Medical students experience higher rates of depression, burnout and other mental illnesses yet a new study shows insurance coverage offered by U.S. medical schools significantly limits their treatment for mental health disorders and substance abuse.
Only one out of five medical schools provides complete coverage for mental health and substance abuse treatment without co-pays or coinsurance, researchers at the Harvard-affiliated Cambridge Health Alliance found in their study published in the Sept. 7, 2011 issue of the Journal of the American Medical Association. The first ever survey of such coverage found most medical schools imposed annual visit and dollar limits and cost sharing.
All schools provided some coverage for outpatient mental health treatment, but six schools offered no coverage at all for inpatient mental health and/or substance abuse treatment. Annual dollar limits ranged from $800 to $200,000 for outpatient services and $1,000 to $2 million for inpatient. Annual visit caps ranged from eight to 150.
“We were surprised by the variability in the coverage. Some schools actually had very good coverage. There were some plans that just had really significant barriers,” says lead author Rachel Nardin, M.D., assistant professor of neurology at Harvard Medical School and chief of neurology at Cambridge Health Alliance.
The findings varied widely even among only public schools or only private ones. Researchers also observed wide disparity in the same geographic region, Nardin says.
Data for 115 of the 129 U.S. medical schools was obtained between June and December 2010 from school Web sites; schools with no online insurance information were sent a questionnaire. For schools offering more than one plan, the least expensive plan was recorded.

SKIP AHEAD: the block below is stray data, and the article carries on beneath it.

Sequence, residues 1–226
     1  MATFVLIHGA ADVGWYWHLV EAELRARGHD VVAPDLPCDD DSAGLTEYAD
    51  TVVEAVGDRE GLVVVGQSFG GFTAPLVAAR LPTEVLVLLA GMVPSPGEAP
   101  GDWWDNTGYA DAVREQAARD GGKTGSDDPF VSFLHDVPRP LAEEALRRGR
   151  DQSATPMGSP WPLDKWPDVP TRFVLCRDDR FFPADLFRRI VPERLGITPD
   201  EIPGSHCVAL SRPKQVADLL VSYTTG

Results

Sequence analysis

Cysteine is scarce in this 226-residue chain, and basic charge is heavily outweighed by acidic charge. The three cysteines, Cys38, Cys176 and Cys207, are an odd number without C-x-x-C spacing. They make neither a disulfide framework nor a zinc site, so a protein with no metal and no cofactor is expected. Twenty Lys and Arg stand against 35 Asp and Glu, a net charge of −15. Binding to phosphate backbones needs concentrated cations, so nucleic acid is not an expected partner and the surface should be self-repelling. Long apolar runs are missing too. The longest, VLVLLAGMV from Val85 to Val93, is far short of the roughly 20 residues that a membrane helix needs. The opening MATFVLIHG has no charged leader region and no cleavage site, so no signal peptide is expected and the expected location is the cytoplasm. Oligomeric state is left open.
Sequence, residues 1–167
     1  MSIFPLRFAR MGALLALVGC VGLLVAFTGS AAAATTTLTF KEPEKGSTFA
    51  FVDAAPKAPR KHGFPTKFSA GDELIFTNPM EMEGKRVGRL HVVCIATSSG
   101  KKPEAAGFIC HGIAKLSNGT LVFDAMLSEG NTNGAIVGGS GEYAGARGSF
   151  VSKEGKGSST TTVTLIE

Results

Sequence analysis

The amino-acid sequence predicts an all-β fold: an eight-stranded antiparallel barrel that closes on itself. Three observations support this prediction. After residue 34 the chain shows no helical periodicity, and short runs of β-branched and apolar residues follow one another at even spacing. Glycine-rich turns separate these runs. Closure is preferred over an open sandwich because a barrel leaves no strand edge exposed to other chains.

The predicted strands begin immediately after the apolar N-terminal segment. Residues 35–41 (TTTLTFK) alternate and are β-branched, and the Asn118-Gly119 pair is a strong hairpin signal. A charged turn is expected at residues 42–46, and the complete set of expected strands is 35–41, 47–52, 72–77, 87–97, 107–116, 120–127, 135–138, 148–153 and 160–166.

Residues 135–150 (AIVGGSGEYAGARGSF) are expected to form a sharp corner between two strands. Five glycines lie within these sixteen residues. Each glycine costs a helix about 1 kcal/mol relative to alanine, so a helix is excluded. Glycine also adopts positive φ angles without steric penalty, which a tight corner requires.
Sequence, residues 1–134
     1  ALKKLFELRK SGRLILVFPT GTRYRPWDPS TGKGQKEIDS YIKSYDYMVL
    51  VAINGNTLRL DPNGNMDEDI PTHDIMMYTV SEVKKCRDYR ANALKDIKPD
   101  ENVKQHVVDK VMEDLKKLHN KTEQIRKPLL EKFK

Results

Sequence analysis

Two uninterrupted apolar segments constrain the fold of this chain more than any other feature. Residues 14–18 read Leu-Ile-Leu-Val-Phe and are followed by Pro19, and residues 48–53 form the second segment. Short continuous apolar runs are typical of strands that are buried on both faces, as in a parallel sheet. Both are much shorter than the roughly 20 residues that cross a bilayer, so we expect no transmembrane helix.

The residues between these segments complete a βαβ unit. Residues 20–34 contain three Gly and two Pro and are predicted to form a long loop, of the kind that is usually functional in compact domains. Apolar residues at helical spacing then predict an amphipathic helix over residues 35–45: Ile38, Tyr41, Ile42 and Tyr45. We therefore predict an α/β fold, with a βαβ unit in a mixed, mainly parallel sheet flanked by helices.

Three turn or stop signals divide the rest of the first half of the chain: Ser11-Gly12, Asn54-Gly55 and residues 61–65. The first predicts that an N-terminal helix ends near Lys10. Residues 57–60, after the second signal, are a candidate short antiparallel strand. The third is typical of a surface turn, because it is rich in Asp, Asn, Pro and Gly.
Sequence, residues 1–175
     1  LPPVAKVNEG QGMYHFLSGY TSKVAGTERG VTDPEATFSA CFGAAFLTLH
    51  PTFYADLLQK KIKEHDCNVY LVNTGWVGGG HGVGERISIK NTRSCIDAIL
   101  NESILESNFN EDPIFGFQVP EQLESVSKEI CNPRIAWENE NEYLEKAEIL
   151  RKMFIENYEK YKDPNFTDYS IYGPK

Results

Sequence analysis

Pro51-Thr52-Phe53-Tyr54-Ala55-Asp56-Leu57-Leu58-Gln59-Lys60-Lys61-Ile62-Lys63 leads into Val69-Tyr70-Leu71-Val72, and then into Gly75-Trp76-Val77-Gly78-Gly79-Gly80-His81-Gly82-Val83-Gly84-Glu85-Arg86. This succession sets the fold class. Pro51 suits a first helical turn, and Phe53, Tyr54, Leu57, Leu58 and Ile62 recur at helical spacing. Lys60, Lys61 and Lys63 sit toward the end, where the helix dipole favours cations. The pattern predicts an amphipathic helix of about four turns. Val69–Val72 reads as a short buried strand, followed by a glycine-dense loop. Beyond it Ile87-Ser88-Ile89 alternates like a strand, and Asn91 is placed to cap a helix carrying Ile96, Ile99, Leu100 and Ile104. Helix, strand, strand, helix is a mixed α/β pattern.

Median co-payments were $20-$25 per visit for outpatient services and $500 when required for an inpatient stay. Median coinsurance was 20 percent for all services and required by 40 percent of schools for outpatient mental health treatment and 63 percent for inpatient. Coinsurance was 45 percent for outpatient substance abuse treatment and 62 percent for inpatient.
Out-of-pocket costs can discourage seeking treatment when medical students typically graduate with $150,000 in debt from public institutions and $180,000 from private, the Association of American Medical Colleges reports. Students may also avoid getting care for drug and alcohol dependency and other problems for fear their medical records could jeopardize their careers, suggests senior author J. Wesley Boyd, M.D., Ph.D., assistant clinical professor of psychiatry at Harvard Medical School and an attending psychiatrist at Cambridge Health Alliance. Avoiding treatment has long-term risks: Studies have documented physicians have higher rates of suicide than the general population.
“Working closely with physicians and medical students for a long time I’ve been profoundly aware of the need to intervene early,” Boyd says.
Nardin says the study’s goal was not to demonize medical schools but to determine coverage standards offered to our nation’s future physicians.
“It’s kind of a poignant example of the way our insurance system really fails people in our country who become sick,” she says.
By Janine Weisman